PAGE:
Big Data, Baby Steps: Organisational Buy-in Can Equal a Big Win.
Organisational leaders know they should be incorporating analytics in their operations but often find difficulty knowing where to start.
I’ve helped businesses and organisations of all sizes and across many sectors build analytics operations, and there is a consistent pattern: somebody with time and money hires a consultancy or asks in-house resources to mine an insight or two from organisational data. Those insights become a memo or slide deck presented along with a recommended action to the boss. Those insights are the first data spark. But, without leadership fuelling the fire – really the hardest part on the path to being more data-driven – the spark may extinguish.
As Data Manager for Barack Obama’s first presidential campaign, I was nestled in the IT department and responsible for care and feeding of our various databases. In June of 2007, the search engine marketing manager asked me if I could calculate total net contributions of donors who originally came in through an SEM placement. Looking at several separate databases, I reported our receipt of $165,134.08 from these people. Since far less than that amount had been spent on SEM up to that point, this spark of insight led to two fateful resourcing decisions by the campaign manager:
- Ramp up investment in SEM (and, ultimately, the whole New Media budget), and
- Pay some people to mine more data-based efficiency-finding insights.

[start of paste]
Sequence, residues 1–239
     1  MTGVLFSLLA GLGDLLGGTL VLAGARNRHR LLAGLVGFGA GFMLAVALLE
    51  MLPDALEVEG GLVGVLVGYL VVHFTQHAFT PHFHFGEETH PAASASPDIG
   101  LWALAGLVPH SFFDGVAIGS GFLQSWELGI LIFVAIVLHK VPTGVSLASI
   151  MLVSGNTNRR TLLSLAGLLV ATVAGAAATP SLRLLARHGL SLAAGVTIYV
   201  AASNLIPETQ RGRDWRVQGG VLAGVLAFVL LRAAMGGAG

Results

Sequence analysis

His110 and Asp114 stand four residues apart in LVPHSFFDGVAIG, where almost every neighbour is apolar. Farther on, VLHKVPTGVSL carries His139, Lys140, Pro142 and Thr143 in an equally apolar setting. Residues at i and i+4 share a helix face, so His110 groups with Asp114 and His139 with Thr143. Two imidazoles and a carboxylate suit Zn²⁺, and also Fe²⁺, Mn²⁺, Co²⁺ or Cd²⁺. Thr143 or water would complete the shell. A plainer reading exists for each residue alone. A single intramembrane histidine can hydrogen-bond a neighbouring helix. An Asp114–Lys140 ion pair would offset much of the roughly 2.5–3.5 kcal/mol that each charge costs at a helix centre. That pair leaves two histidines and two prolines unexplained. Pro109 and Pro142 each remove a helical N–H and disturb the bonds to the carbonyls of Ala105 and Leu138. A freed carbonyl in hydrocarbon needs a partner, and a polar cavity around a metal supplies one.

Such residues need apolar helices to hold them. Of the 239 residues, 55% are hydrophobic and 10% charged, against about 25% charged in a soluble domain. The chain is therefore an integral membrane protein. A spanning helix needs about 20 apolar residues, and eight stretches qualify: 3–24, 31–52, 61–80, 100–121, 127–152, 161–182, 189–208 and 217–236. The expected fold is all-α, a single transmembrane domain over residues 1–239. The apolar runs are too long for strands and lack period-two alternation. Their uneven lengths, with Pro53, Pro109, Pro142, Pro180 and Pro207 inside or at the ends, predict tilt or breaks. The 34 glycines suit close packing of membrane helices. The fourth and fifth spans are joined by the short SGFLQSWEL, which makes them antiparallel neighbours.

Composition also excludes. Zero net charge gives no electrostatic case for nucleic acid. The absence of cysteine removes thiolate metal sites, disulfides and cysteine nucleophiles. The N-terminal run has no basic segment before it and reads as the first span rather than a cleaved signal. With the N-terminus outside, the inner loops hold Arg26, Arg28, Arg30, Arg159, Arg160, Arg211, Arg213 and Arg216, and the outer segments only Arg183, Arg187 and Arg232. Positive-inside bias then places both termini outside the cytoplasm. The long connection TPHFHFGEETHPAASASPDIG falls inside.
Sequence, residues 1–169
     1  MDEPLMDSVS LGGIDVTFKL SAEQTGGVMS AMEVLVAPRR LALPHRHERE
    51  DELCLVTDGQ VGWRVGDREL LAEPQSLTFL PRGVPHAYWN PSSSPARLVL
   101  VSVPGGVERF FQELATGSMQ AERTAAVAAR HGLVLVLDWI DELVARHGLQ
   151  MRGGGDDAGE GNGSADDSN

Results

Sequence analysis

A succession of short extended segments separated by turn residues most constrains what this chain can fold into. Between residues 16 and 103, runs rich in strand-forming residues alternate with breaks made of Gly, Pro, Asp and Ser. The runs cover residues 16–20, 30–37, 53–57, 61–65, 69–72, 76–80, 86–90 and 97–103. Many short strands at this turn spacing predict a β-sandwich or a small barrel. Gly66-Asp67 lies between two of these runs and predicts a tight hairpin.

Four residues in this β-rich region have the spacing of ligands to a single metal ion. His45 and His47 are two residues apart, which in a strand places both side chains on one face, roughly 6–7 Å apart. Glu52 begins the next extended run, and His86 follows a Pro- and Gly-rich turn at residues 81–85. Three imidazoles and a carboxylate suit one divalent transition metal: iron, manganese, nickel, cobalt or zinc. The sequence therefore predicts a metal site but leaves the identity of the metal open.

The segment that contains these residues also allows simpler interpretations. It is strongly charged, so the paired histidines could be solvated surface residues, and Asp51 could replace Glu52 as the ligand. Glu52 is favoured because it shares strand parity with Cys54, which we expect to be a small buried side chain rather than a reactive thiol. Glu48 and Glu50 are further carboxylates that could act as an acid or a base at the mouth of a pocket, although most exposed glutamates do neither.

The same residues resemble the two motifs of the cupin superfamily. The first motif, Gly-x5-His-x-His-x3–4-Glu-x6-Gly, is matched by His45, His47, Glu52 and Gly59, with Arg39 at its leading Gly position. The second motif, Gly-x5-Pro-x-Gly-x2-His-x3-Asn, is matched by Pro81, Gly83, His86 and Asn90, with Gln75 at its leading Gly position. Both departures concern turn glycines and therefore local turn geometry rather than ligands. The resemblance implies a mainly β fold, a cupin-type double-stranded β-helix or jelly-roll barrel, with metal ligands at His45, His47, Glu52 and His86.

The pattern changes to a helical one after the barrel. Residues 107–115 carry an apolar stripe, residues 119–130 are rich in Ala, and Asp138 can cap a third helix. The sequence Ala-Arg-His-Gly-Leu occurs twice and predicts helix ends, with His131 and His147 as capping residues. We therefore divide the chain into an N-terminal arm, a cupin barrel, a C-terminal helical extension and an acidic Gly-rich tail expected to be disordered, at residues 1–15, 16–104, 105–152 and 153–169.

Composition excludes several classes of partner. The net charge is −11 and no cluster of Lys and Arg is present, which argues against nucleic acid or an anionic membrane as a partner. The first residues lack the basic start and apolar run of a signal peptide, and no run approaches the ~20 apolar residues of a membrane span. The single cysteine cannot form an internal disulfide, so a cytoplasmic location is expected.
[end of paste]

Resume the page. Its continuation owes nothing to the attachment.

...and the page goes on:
In the above example, the key critical factor in determining the fate of the effort was buy-in from leadership. When the boss creates and enforces a mandate, the company will evolve around the data and realise benefits from becoming research-driven. Often, conflict between the established order and a new data-driven decision-making program will require more hands-on attention from leadership. But if an organisation is just getting started, analytics can become part of the established operational reality from the beginning. It’s not surprising that some of the biggest innovations around data-driven communications and marketing over the last decade have been brought into the mainstream by upstart, disruptive political campaigns. These ephemeral endeavours have nothing to lose and very little entrenched “wisdom” to protect: consumer segmentation and predictive modelling tactics were explored with great success by the George W. Bush campaigns of 2000 and 2004; A/B testing of e-mails helped drive fundraising numbers on Howard Dean’s 2004 campaign; real-time, in-cycle experiment informed programs were pushed and perfected by Barack Obama’s efforts in 2008 and 2012. The data and analytics operations embedded with these efforts shared certain characteristics: common mission alignment among staff, lack of entrenched opposition, high incentive to innovate, and low incentive to avoid risk. But on campaigns as with businesses and in non-profits, large-scale analytics operations begin as one person or one small team beginning to explore the quantitative possibilities of data they already work with on a daily basis, proving the concept and sparking the fire. The first step could be matching a customer list against social media to learn what customers pay attention to online; appending consumer data to accounting data in order to understand profit and loss (and opportunities) by customer gender, age, and income; or using e-mail subscription time-of-day to inform timing of marketing e-mail deliveries. Each of these bite-sized data research projects could yield small insights and in turn deliver significant bottom-line impact. Once the analytics seed is planted, the best first investment a company or organisation can make toward creating a successful analytics operation may not be in server hardware or consulting smarts, but in fostering a risk-tolerant atmosphere and creating an executive mandate for organisational adoption.